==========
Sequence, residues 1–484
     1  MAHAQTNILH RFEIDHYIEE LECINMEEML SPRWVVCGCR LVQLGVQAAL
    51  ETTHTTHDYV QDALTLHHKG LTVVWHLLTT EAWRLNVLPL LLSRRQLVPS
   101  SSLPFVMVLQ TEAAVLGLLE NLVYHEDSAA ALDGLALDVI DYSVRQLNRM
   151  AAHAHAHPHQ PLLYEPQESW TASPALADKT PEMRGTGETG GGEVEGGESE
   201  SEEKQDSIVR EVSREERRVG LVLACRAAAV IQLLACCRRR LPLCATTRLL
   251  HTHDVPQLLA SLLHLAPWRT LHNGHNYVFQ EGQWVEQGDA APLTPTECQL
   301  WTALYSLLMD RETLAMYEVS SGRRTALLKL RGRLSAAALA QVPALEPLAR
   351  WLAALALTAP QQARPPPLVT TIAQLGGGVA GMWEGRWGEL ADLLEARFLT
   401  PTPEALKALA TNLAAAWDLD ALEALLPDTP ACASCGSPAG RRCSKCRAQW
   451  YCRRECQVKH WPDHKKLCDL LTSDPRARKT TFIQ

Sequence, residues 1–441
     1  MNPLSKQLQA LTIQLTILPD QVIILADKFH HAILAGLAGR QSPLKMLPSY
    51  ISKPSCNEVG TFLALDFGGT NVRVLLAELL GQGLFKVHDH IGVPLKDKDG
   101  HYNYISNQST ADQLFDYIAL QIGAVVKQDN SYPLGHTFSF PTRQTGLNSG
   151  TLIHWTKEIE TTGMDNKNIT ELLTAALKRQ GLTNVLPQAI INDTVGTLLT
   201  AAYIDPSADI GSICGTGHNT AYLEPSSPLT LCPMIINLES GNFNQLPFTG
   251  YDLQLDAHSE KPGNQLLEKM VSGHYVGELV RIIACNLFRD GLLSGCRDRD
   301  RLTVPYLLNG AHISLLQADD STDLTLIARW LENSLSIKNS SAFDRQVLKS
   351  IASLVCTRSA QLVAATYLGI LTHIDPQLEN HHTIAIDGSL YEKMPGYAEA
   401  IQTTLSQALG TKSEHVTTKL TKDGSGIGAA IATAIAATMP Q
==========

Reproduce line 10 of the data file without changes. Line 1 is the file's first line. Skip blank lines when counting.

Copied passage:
   401  PTPEALKALA TNLAAAWDLD ALEALLPDTP ACASCGSPAG RRCSKCRAQW